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Unintended Consequences from Nested State & Federal Regulations: The Case of the Pavley Greenhouse-Gas-per-Mile Limits

Author

Listed:
  • Lawrence H. Goulder
  • Mark R. Jacobsen
  • Arthur A. van Benthem

Abstract

Fourteen U.S. states recently pledged to adopt limits on greenhouse gases (GHGs) per mile of light-duty automobiles. Previous analyses predicted this action would significantly reduce emissions from new cars in these states, but ignored possible offsetting emissions increases from policy-induced adjustments in new car markets in other (non-adopting) states and in the used car market. Such offsets (or "leakage") reflect the fact that the state-level effort interacts with the national corporate average fuel economy (CAFE) standard: the state-level initiative effectively loosens the national standard and gives automakers scope to profitably increase sales of high-emissions automobiles in non-adopting states. In addition, although the state-level effort may well spur the invention of fuel- and emissions-saving technologies, interactions with the federal CAFE standard limit the nationwide emissions reductions from such advances. Using a multi-period numerical simulation model, we find that 70-80 percent of the emissions reductions from new cars in adopting states are offset by emissions leakage. This research examines a particular instance of a general issue of policy significance - namely, problems from "nested" federal and state environmental regulations. Such nesting implies that similar leakage difficulties are likely to arise under several newly proposed state-level initiatives.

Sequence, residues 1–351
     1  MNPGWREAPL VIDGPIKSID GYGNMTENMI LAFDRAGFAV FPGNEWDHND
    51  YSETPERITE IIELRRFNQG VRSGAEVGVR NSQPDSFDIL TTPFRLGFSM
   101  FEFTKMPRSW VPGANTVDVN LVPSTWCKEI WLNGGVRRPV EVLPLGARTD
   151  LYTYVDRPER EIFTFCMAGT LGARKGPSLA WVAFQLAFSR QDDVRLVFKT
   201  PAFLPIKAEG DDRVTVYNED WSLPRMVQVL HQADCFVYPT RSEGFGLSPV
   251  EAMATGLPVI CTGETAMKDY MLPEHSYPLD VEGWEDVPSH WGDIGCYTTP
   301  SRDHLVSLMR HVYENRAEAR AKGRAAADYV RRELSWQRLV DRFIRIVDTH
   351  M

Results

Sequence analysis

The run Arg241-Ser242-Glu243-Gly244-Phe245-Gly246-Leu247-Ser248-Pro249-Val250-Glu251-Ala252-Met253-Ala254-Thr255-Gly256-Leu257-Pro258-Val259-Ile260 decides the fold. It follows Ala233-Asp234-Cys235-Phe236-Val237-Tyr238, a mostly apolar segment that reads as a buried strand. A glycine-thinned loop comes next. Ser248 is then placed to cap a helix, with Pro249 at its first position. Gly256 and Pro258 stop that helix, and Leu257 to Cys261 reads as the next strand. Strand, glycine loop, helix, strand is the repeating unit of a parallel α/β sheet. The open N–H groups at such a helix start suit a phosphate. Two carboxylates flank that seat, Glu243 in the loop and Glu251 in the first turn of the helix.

Suggested Citation

  • Lawrence H. Goulder & Mark R. Jacobsen & Arthur A. van Benthem, 2009. "Unintended Consequences from Nested State & Federal Regulations: The Case of the Pavley Greenhouse-Gas-per-Mile Limits," NBER Working Papers 15337, National Bureau of Economic Research, Inc.
  • Handle: RePEc:nbr:nberwo:15337
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    References listed on IDEAS

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    Cited by:

    1. James M. Sallee, 2011. "The Taxation of Fuel Economy," Tax Policy and the Economy, University of Chicago Press, vol. 25(1), pages 1-38.
    2. Klier, Thomas & Linn, Joshua, 2011. "Fuel Prices and New Vehicle Fuel Economy in Europe," Discussion Papers dp-11-37, Resources For the Future.
    3. Williams, Roberton C., 2012. "Growing state–federal conflicts in environmental policy: The role of market-based regulation," Journal of Public Economics, Elsevier, vol. 96(11), pages 1092-1099.

    More about this item

    JEL classification:

    • H23 - Public Economics - - Taxation, Subsidies, and Revenue - - - Externalities; Redistributive Effects; Environmental Taxes and Subsidies
    • H77 - Public Economics - - State and Local Government; Intergovernmental Relations - - - Intergovernmental Relations; Federalism
    • Q52 - Agricultural and Natural Resource Economics; Environmental and Ecological Economics - - Environmental Economics - - - Pollution Control Adoption and Costs; Distributional Effects; Employment Effects
    • Q58 - Agricultural and Natural Resource Economics; Environmental and Ecological Economics - - Environmental Economics - - - Environmental Economics: Government Policy

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